Building strong, lean muscles and a healthy heart is just the beginning—regular movement offers a wealth of “above-the-neck” benefits, too. It’s been linked to everything from boosting brain power and helping control addiction to inspiring creativity and promoting happiness. So how do you get the most mental benefit from your workouts?
Moderation is key
A study of 1.2 million U.S. adults showed that those who worked out for shorter sessions (around 45 minutes) enjoyed better mental health than those who sweat it out during marathon workouts. The research also showed that those who work out three to five days a week had a bigger reduction in poor mental health days than those who didn’t work out at all, or those who worked out more than five times a week. This led to the researchers recommending a sweet spot of between two and six hours of movement a week.
Any movement is good, but some types are better than others
Researchers identified that some types of workouts are superior when it comes to providing mental health benefits. Team sports seem to be the winner, followed by cycle-based fitness and then aerobic-based workouts at the gym. These top three suggest that when it comes to mental health benefits, group-based activities are preferable. Yoga-based movement is also highly regarded as a great mood booster, and a recent study indicates that yoga, specifically the mindful breathing associated with it, can be used to ease the symptoms of depression.
Lift weights, but don’t worry about how heavy the weights are
A recent analysis of clinical strength training trials highlighted that strength training is a valuable way to alleviate depression symptoms—it can have a similar effect to antidepressant medications or psychotherapy. Kinesiologist Jacob Meyer, Ph.D., explains that it doesn’t seem to matter whether people actually improve their strength. After a program of resistance training, they still had lower symptoms of depression. “You would think—in particular if it’s a specific muscle-building physiological change that drove the antidepressive effects—that increased strength would have to happen for someone’s depressive symptoms to go down. But that didn’t seem to be the case,” he says. Meyer suspects that there’s a real feel-good factor associated with strength training.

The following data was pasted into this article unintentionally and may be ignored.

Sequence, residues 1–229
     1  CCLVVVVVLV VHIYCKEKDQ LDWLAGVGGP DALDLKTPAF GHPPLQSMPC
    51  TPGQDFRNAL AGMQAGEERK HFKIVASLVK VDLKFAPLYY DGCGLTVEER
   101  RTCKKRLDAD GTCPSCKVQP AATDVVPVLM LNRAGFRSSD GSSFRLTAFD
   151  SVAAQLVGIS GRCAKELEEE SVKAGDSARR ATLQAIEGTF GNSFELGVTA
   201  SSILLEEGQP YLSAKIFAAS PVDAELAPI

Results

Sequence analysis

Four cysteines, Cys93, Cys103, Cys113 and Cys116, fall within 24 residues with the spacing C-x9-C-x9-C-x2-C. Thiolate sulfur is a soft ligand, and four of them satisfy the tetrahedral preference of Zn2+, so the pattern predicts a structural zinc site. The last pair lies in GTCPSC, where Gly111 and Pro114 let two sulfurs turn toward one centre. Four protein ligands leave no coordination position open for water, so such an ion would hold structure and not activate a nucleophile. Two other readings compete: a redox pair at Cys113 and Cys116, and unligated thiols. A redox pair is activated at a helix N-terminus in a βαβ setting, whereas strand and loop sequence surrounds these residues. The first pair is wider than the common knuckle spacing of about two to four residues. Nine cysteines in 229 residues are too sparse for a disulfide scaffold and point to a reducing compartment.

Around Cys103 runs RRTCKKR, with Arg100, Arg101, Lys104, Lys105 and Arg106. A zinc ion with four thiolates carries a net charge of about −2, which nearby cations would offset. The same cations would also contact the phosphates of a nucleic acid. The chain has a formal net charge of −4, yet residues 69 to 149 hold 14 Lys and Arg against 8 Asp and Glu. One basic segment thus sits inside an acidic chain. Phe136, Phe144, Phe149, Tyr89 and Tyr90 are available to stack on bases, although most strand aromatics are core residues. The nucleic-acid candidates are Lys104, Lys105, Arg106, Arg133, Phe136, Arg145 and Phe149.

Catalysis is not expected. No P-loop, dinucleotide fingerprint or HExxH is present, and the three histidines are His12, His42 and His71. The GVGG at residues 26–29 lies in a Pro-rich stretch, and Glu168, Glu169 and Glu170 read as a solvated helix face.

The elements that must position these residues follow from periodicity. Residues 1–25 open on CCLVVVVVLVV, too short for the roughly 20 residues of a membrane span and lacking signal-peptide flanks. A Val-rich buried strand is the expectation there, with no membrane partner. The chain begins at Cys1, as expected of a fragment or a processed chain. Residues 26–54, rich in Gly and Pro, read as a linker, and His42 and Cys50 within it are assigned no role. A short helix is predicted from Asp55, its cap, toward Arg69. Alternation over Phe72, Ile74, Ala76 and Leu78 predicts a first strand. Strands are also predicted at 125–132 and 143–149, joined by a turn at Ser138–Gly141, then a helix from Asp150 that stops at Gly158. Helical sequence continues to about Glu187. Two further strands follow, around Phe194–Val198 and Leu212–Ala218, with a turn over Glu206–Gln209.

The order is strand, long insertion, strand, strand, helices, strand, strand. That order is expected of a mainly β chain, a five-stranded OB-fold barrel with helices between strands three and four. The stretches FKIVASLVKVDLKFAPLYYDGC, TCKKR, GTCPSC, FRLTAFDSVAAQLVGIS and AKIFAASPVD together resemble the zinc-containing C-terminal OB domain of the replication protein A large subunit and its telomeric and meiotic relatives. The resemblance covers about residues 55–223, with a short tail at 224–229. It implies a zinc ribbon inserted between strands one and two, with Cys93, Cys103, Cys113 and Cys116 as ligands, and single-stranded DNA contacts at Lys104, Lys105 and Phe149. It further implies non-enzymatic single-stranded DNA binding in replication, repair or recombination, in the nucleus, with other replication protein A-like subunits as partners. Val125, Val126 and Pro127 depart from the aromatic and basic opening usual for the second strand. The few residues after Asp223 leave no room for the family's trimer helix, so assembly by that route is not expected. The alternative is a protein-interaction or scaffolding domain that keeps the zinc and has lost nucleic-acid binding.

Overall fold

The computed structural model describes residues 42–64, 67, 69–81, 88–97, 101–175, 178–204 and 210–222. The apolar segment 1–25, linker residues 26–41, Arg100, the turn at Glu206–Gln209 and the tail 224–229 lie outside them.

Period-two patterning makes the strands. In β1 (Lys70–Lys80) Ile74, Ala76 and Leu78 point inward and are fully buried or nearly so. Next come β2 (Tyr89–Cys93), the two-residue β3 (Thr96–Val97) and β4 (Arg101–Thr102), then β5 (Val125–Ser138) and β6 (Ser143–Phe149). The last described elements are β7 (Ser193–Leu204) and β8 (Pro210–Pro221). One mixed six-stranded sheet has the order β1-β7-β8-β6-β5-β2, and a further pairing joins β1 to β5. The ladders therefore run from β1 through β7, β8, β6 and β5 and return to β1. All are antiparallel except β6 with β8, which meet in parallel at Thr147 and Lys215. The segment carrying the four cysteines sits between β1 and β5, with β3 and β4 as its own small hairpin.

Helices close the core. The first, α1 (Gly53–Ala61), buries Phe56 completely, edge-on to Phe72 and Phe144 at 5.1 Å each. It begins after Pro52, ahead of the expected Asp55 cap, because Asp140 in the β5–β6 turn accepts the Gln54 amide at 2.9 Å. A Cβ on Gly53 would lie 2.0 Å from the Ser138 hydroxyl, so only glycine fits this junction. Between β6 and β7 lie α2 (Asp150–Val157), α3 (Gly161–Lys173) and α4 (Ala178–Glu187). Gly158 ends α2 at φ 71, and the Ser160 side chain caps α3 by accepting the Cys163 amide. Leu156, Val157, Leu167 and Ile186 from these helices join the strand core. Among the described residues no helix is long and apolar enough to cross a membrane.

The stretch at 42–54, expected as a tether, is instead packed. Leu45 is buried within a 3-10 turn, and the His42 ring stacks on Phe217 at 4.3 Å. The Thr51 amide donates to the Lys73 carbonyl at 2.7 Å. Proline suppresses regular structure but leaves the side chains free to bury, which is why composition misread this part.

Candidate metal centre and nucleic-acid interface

Just like all the muscles in your body, your brain needs variety
Neurological expert Maurice Curtis, Ph.D., explains that the brain is the only organ you can’t overtax and that you’re not going to have a meltdown if you start challenging your gray matter by introducing new ways of moving. If you just do the same thing every day, you’ll probably get good at that, but there will be aspects of life you’re just not experiencing. A healthy brain needs variety to really thrive!
Exercising your mind is good, too
Meyer explains that increased mindfulness can lead you to make choices that lead to more physical activity. Mindfulness meditation also can foster a more accurate perception of your level of physical activity. Learn more about it here.
Does movement really improve brain power?
Research suggests regular aerobic exercise can boost the size of the hippocampus, the core of the brain’s learning and memory systems. Curtis explains that when you work out, your body releases a lot of good things, including brain-derived neurotrophic factor (BDNF), which is good for the health of brain cells. The idea is that when you work out, you’re much more likely to cause the brain to make new brain cells. This is backed up by a German study that showed how cycling while learning a foreign language helped people remember new words better.
This post originally appeared on LesMills.com.
Photo credit: Courtesy of Les Mills